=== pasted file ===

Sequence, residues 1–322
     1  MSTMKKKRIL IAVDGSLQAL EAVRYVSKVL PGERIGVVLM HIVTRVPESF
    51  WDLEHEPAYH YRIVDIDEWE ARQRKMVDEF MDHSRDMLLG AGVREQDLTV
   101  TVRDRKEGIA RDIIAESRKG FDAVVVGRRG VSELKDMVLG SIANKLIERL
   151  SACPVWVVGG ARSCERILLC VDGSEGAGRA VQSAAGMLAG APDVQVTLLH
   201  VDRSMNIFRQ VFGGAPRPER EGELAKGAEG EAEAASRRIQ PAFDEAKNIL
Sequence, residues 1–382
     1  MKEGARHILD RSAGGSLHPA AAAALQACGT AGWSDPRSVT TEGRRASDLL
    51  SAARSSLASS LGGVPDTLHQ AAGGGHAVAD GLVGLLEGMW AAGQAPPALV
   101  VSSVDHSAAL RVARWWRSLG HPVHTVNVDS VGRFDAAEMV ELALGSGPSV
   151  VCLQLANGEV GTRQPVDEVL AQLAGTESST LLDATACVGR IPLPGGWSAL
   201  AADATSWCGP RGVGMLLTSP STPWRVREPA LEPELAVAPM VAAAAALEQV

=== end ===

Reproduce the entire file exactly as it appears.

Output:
Sequence, residues 1–322
     1  MSTMKKKRIL IAVDGSLQAL EAVRYVSKVL PGERIGVVLM HIVTRVPESF
    51  WDLEHEPAYH YRIVDIDEWE ARQRKMVDEF MDHSRDMLLG AGVREQDLTV
   101  TVRDRKEGIA RDIIAESRKG FDAVVVGRRG VSELKDMVLG SIANKLIERL
   151  SACPVWVVGG ARSCERILLC VDGSEGAGRA VQSAAGMLAG APDVQVTLLH
   201  VDRSMNIFRQ VFGGAPRPER EGELAKGAEG EAEAASRRIQ PAFDEAKNIL
Sequence, residues 1–382
     1  MKEGARHILD RSAGGSLHPA AAAALQACGT AGWSDPRSVT TEGRRASDLL
    51  SAARSSLASS LGGVPDTLHQ AAGGGHAVAD GLVGLLEGMW AAGQAPPALV
   101  VSSVDHSAAL RVARWWRSLG HPVHTVNVDS VGRFDAAEMV ELALGSGPSV
   151  VCLQLANGEV GTRQPVDEVL AQLAGTESST LLDATACVGR IPLPGGWSAL
   201  AADATSWCGP RGVGMLLTSP STPWRVREPA LEPELAVAPM VAAAAALEQV